What Does Public Service Mean?
What we can learn from Ukrainian President Volodymyr Zelenskyy
Like everyone else, I’ve been glued to cable news and the internet for the last few days following the events in Ukraine, and also like everyone, I’ve been awed by how Ukrainian president Volodymyr Zelenskyy has risen to the occasion in a way that the world did not expect. Zelenskyy is a former comedian — a Stephen Colbert type — and father of two, whose profile in the U.S. was mostly defined by the fact that he refused to be extorted by Donald Trump in exchange for manufacturing dirt on Joe Biden.
That was a good measure of character by itself, but watching the former actor and entertainer decide to stand up to Vladimir Putin’s aggression, don fatigues, and go to fight alongside his people goes way beyond what I think anyone expected from a guy who in a previous life made a living telling dick jokes.
When offered the opportunity to escape Ukraine with protection, he said — and this will be remembered — “I need ammunition, not a ride.”
But Zelenskyy’s personal bravery in this situation is something that deserves to be recognized in tandem with how he has conducted himself as a leader otherwise. When he was elected in 2019, he gave a speech at his inauguration where he told a story about his son’s reaction to his victory. His son said something to the effect of, “the news is saying that Zelenskyy won. Does that mean I’m president now?” And Zelenskyy said he thought of it as a kid’s joke initially but the more he thought about it, the more it just seemed poignant and true. He went on to emphasize that the presidency was not his personally, that he was the custodian of it and so was every Ukrainian. His message was that everyone was responsible for the fate of the country.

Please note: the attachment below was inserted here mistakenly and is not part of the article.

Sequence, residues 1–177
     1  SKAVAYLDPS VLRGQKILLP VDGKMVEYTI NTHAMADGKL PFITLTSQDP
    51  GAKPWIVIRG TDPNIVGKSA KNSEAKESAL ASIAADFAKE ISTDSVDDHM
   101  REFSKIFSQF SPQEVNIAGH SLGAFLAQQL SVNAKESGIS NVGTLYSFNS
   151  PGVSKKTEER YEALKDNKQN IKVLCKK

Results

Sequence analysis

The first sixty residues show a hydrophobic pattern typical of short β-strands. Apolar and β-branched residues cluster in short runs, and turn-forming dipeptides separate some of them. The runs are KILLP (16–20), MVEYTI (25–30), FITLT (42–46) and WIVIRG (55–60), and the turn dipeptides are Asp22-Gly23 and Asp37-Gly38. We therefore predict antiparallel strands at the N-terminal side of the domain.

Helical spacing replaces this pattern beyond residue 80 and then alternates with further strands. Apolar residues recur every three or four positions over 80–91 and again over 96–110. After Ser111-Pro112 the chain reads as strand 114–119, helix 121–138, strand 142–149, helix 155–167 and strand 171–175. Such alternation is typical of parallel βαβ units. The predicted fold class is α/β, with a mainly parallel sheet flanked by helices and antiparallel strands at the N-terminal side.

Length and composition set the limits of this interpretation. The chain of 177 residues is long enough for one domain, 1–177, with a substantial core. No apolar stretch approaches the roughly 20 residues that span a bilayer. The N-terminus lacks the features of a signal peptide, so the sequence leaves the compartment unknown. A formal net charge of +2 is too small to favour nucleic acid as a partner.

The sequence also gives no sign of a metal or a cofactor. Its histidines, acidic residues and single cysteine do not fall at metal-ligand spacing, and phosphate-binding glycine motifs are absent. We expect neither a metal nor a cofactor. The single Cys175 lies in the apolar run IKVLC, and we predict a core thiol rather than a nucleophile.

He also said that he did not want his portrait hanging in government buildings. He was not an idol or a king. Hang photos of your children, he said. And think about them every time you make a decision.